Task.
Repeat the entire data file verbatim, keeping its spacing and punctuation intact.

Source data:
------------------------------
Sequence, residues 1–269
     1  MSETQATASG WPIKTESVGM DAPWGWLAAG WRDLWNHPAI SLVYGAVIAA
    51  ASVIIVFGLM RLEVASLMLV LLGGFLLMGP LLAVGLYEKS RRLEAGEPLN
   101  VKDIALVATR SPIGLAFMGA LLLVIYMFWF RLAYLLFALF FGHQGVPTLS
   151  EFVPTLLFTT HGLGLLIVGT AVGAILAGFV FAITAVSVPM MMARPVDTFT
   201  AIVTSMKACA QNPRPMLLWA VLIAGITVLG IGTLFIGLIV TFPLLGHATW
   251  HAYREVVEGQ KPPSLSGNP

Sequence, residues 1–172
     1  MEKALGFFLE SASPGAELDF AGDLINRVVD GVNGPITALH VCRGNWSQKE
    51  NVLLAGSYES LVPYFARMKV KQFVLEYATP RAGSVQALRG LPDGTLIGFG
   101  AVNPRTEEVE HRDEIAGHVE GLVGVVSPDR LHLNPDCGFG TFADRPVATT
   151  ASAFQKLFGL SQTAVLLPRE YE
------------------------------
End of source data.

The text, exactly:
Sequence, residues 1–269
     1  MSETQATASG WPIKTESVGM DAPWGWLAAG WRDLWNHPAI SLVYGAVIAA
    51  ASVIIVFGLM RLEVASLMLV LLGGFLLMGP LLAVGLYEKS RRLEAGEPLN
   101  VKDIALVATR SPIGLAFMGA LLLVIYMFWF RLAYLLFALF FGHQGVPTLS
   151  EFVPTLLFTT HGLGLLIVGT AVGAILAGFV FAITAVSVPM MMARPVDTFT
   201  AIVTSMKACA QNPRPMLLWA VLIAGITVLG IGTLFIGLIV TFPLLGHATW
   251  HAYREVVEGQ KPPSLSGNP

Sequence, residues 1–172
     1  MEKALGFFLE SASPGAELDF AGDLINRVVD GVNGPITALH VCRGNWSQKE
    51  NVLLAGSYES LVPYFARMKV KQFVLEYATP RAGSVQALRG LPDGTLIGFG
   101  AVNPRTEEVE HRDEIAGHVE GLVGVVSPDR LHLNPDCGFG TFADRPVATT
   151  ASAFQKLFGL SQTAVLLPRE YE